Also in 1905, U.S. Marines helped Mexican dictator Porfirio Diaz crush a strike in Sonora. Then in 1910 the U.S. supported Diaz was overthrown by a revolution army led by Emiliano Zapata. The U.S. sent troops. Zapata was assassinated in an ambush at a meeting with the U.S. ambassador, and the revolution was squelched. U.S. oil interests were protected. The Mexican dictatorship was restored, and would be a succession of dictatorships that would be supported by the U.S., that would make Mexico safe for U.S. business investors.
In 1907 the later to be President Woodrow Wilson said at a lecture at Columbia University:
"Concessions obtained by financiers must be safeguarded by ministers of the state, even if the sovereignty of unwilling nations be outraged in the process. Since trade ignores national boundaries and the manufacturers insist on having the world as a market, the flag of his nation must follow him, and the doors of the nation which are closed against him must be battered down. Colonies must be obtained or planted in order that no useful corner of the world be overlooked or left unused."
In 1909 Liberal President José Santos Zelaya of Nicaragua proposes that American mining and banana companies pay taxes; he has also appropriated church lands and legalized divorce, done business with European firms, and executed two Americans for participating in a rebellion. He was forced to resign through U.S. pressure. The new president, Adolfo Diaz, is the former treasurer of an American mining company.
Again in the early 1900's the Marines invaded Nicaragua. A quote from Dan Brown's book Drug War by Major General Smedley D. Butler in 1935 states why (pg.223):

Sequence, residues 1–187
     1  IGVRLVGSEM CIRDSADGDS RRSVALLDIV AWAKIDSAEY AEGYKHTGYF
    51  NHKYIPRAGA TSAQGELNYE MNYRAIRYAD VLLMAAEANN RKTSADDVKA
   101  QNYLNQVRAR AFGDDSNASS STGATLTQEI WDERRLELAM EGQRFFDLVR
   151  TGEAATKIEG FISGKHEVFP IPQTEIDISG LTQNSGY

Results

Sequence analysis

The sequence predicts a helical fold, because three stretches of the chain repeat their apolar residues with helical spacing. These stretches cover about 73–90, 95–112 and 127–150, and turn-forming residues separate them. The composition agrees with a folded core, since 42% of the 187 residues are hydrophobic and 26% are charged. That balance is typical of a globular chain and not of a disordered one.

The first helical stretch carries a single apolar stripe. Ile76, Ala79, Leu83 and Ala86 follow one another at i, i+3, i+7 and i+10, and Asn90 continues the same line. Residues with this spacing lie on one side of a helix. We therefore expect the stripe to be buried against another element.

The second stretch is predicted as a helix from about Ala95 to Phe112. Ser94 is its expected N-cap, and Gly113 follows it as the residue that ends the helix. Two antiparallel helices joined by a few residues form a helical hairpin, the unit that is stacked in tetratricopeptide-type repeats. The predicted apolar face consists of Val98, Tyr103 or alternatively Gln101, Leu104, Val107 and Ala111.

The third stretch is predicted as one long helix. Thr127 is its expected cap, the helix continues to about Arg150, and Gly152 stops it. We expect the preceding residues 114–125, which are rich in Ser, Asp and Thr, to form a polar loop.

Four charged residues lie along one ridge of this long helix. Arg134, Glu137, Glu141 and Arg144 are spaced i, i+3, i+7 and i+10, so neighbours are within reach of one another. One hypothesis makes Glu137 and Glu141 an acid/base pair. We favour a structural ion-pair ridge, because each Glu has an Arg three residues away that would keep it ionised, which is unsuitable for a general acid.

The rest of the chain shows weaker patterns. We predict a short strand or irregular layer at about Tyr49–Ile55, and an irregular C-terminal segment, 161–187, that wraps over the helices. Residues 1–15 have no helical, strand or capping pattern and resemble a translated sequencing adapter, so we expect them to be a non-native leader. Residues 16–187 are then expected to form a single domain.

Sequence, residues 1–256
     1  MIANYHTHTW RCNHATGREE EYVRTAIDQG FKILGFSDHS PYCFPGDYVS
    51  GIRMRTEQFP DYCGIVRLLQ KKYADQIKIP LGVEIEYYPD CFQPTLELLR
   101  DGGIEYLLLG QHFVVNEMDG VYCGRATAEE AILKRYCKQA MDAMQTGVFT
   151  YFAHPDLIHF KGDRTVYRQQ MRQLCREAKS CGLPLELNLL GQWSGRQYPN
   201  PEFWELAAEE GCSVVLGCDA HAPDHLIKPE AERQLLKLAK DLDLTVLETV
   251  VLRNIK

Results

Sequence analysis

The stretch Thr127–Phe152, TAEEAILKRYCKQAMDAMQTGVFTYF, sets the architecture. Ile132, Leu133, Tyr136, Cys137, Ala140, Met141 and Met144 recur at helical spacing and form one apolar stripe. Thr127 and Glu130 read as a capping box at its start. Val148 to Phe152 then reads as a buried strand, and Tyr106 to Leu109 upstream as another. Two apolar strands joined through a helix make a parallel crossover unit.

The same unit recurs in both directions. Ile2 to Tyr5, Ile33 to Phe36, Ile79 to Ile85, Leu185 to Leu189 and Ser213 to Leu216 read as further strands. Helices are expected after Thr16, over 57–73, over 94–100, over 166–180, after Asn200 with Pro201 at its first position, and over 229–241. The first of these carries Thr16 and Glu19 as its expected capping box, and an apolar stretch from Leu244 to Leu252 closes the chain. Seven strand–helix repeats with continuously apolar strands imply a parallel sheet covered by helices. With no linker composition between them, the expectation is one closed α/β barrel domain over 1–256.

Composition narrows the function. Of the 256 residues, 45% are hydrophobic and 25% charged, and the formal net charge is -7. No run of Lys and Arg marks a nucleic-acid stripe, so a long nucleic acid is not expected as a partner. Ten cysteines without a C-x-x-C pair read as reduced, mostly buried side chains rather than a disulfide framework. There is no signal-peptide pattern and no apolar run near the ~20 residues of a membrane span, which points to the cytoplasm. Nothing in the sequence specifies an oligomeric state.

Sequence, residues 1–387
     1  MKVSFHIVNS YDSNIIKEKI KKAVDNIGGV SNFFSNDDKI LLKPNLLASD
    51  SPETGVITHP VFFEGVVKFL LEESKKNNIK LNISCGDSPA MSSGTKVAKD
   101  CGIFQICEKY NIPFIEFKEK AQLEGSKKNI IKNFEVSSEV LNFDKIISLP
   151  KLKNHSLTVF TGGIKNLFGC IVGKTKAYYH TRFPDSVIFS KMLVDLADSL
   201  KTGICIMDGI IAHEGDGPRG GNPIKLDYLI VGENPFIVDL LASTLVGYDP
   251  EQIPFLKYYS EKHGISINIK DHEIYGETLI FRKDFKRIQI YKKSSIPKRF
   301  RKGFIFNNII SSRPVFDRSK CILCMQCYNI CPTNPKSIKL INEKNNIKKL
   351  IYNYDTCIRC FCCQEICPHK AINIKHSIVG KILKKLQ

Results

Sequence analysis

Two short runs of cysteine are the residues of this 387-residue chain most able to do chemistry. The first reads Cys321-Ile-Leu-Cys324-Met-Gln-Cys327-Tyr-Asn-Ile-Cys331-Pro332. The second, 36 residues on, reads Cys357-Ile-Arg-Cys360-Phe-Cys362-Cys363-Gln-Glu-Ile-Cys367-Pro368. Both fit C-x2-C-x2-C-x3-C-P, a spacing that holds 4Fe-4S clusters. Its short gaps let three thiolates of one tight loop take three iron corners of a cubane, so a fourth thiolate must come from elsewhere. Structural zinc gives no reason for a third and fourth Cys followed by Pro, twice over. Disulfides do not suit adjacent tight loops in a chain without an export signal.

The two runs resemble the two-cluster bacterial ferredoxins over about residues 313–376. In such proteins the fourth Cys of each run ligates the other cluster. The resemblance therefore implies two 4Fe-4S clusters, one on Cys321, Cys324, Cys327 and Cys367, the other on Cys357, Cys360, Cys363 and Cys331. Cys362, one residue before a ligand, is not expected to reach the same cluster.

"I spent 33 years and 4 months in active service as a member of our country's most agile military force-the Marine Corps....I spent most of my time being a high-muscle man for Big Business, for Wall Street and for the bankers. In short, I was a racketeer for capitalism...
Thus I helped make Mexico...safe for American oil interests in 1914. I helped make Haiti and Cuba a decent place for the National City Bank boys to collect revenues in....I helped purify Nicaragua for the International banking house of Brown Brothers in 1909-12. I brought light to the Dominican Republic for American sugar interests in 1916. I helped make Honduras "right" for American fruit companies in 1903."
They left behind the National Guard who was under the direction of Anastasio Somoza Sr, opened the floodgates for US corporate investments. He even allowed corporations to dump their waste into Nicaragua's greatest lake. The Guardsmen who were consistently maintained by the U. S., also did many other wonderful things for the Nicaraguan people. Such as martial law, rape, torture, murder of the opposition, and massacres of peasants, as well as lesser evils of robbery, extortion, contraband, and running brothels.
In 1927 a group of revolutionaries lead by Antonio Sandinista picked up arms and rebelled against the Somoza regime, claiming it to be illegitimate. U.S. business interest was in jeopardy, the U.S. in response sent in the Marines again for the twelfth time in 75 years. Sandinista was assassinated and the rebellion was suppressed. This secured Somoza's and the National Guard's reign, and of course US corporations investment.
Also the U.S. supported the Venezuelan dictator and murdering despot General Gomez, who offered his country up freely to foreign exploitation. Michael Krenn quoting the USA chargé d'affaires in 1929:
"Until the Venezuelan people could be trusted to make the right decisions concerning their political and economic directionand that time was deemed to be in the very distant futureit was best for all concerned that they be kept safe from democracy."